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Optics Express

Optics Express

  • Editor: Michael Duncan
  • Vol. 11, Iss. 8 — Apr. 21, 2003
  • pp: 874–888
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3D object watermarking by a 3D hidden object

Sherif Kishk and Bahram Javidi  »View Author Affiliations


Optics Express, Vol. 11, Issue 8, pp. 874-888 (2003)
http://dx.doi.org/10.1364/OE.11.000874


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Abstract

In this paper we present a method to watermark a 3D object with another hidden 3D object using digital holography. The watermark or the hidden information is a 3D object that is embedded in the digital hologram of a 3D host object. The digital holograms are obtained optically by phase shift interferometery. The hologram of the hidden 3D object is double phase encoded before embedding it to the host 3D object hologram. Then, the watermarked hologram is double phase encoded again using different set of codes. The resultant watermarked hologram is very secure because of the multi-key nature of the watermarking process. We discuss the effect of distortion caused by hologram quantization and occlusion of some of the hologram pixels. We present tests to illustrate the effect of using a window of the hologram to reconstruct the hidden 3D object and the host 3D object. Both mathematical analysis and simulations are presented to illustrate the system performance. To the best of our knowledge, this is the first report of embedding a 3D objects within another 3D object.

© 2003 Optical Society of America

1. Introduction

Watermarking [1

1. N. F. Johnson, Z. Duric, and S. Jajodia, Information Hiding : Steganography and Watermarking - Attacks and Countermeasures (Advances in Information Security, Volume 1,Kluwer Academic2001).

3

3. G. C. Langelaar, I. Setyawan, and R. L. Lagendijk, “Watermarking Digital Image and Video Data. A state of the Art overview,” IEEE Signal Processing Magazine 17, 20–46 (2000). [CrossRef]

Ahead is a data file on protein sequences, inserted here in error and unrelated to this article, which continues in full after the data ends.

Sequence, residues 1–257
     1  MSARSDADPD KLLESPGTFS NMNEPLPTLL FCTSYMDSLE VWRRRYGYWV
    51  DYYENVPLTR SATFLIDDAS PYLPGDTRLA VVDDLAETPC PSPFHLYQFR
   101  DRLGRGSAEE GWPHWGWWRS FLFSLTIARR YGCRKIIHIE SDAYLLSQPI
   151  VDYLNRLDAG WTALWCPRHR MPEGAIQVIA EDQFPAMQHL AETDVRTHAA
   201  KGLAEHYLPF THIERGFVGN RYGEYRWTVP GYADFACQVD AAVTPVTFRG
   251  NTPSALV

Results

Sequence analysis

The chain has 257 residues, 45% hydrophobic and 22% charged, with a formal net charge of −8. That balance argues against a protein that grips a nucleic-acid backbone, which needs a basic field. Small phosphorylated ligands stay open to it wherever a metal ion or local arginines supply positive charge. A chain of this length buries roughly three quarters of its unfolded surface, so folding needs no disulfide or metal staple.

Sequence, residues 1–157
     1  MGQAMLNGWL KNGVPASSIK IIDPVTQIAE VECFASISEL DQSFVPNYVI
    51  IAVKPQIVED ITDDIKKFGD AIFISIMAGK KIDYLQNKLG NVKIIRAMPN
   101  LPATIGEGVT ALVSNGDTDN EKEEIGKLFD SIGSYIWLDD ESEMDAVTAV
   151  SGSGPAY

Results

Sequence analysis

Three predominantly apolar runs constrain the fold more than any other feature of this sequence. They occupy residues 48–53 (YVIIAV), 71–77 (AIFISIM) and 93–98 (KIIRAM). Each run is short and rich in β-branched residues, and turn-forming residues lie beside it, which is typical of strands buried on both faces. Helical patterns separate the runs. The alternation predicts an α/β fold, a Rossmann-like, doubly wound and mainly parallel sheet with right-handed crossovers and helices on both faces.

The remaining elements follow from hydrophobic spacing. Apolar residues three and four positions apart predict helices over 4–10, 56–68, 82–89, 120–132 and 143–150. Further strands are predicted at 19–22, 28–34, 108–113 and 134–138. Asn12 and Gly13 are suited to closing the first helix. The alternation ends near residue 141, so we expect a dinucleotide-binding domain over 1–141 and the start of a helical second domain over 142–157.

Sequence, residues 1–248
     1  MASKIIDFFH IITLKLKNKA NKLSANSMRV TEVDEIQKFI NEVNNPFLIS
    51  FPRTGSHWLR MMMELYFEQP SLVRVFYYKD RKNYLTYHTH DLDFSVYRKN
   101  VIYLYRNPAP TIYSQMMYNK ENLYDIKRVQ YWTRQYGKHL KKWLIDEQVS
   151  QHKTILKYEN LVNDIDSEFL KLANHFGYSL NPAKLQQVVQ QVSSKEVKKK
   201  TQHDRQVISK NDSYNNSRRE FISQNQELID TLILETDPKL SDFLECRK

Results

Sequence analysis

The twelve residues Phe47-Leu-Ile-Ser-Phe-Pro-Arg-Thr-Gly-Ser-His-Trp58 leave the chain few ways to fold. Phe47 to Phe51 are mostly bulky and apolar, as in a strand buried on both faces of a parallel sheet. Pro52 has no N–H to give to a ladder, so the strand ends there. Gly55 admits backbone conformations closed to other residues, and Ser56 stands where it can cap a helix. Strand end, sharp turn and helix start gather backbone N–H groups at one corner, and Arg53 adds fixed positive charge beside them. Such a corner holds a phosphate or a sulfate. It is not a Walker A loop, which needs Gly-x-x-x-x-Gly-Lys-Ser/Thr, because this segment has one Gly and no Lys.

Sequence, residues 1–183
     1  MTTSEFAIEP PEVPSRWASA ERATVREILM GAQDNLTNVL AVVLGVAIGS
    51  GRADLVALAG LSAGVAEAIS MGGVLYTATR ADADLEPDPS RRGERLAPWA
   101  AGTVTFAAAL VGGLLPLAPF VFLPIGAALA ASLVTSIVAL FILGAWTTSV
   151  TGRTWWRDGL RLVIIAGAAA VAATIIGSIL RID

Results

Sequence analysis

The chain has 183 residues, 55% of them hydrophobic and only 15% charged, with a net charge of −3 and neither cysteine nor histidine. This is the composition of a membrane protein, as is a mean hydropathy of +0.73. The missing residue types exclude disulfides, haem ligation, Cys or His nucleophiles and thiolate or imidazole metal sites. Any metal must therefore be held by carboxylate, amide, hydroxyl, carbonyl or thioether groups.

] can be considered as a method to authenticate a source by hiding a piece of information within another piece of information. A good watermarking algorithm should meet a number of conditions [4

4. S. Kishk and B. Javidi, “Information Hiding Technique using Double Phase Encoding,” Appl. Opt. 41, 5470–5482 (2002). [CrossRef]

]. For example, the host data quality should not be affected in a significant way by the hidden data. If the watermark will be used to authenticate the source, the watermark should be robust to removal or modification trials. Another important issue with watermarking is how secure it is, in other words how hard it is to decode the hidden information by an un-authorized user even if the watermarking technique is known. Several techniques were proposed to watermark and hide one-dimensional and two-dimensional information [4

4. S. Kishk and B. Javidi, “Information Hiding Technique using Double Phase Encoding,” Appl. Opt. 41, 5470–5482 (2002). [CrossRef]

8

8. Po-Chyi Su, C.-C. Jay Kuo, and Houng-jyh Wang, “Wavelet-Based Digital Image Watermarking,” Opt. Express , 3, 491–496 (1998), http://www.opticsexpress.org/abstract.cfm?URI=OPEX-3-12-491 [CrossRef] [PubMed]

]. Some techniques have presented watermarking of 3D objects [9

9. S. Kishk and B. Javidi “Watermarking of a 3D Object Using Digital Holography,” Opt. Let. 28, 167–169 (2003). [CrossRef]

,10

10. R. Ohbuchi, A. ukaiyama, and S. Takahashi “A frequency-domain approach to watermarking 3D shapes,” Computer Graphics Forum 21, 373–382 Sp. Iss. SI(2002). [CrossRef]

].

Double phase encoding [11

11. P. Refregier and B. Javidi, “Optical image encryption using input plane and Fourier plane random encoding,” Opt. Let. 20, 767–769 (1995). [CrossRef]

13

13. F. Goudail, F. Bollaro, B. Javidi, and P. Refregier, “Influence of perturbation in a double phase-encoding system,” J. Opt. Soc. Am. A 15, 2629–2638 (1998). [CrossRef]

] is a technique that transforms the input information to a white Gaussian noise. As a esult, it is difficult to decode the original information without knowing the codes used in the encoding process.

Digital holography [14

14. H. J. Caulfield, Handbook of Optical Holography, (Academic press, London, 1979).

,16

16. U. Schnars and W. P. O. Jüptner, “Direct recording of holograms by a CCD target and numerical reconstruction,” Appl. Opt. 33, 179–181 (1994). [CrossRef] [PubMed]

] can be considered as a technique to sense and visualize 3D objects. A digital hologram contains information about different views of a 3D object so a hologram can replace a set of 2D images taken from different perspectives. In general, a digital hologram stores the complex Fresnel diffraction pattern generated by a 3D object. Onaxis digital holography is easy to implement and more precise than off-axis generated digital holography. The holograms presented in this paper are generated optically using phase shift interferometery [17

17. I Yamaguchi and T Zhang, “Phase-Shifting Digital Holography,” Opt. Lett. 22, 1268–1270 (1997). [CrossRef] [PubMed]

19

19. J. Schwider, “Advanced Evaluation Techniques in Interferometry,” in Progress in Optics, E. Wolf, ed (North Holland, Amesterdam) XXVIII, 271–359 (1990)

] and stored in a digital computer. The 3D object reconstruction from a digital hologram is performed using digital computer by approximating the Fresnel integral digitally.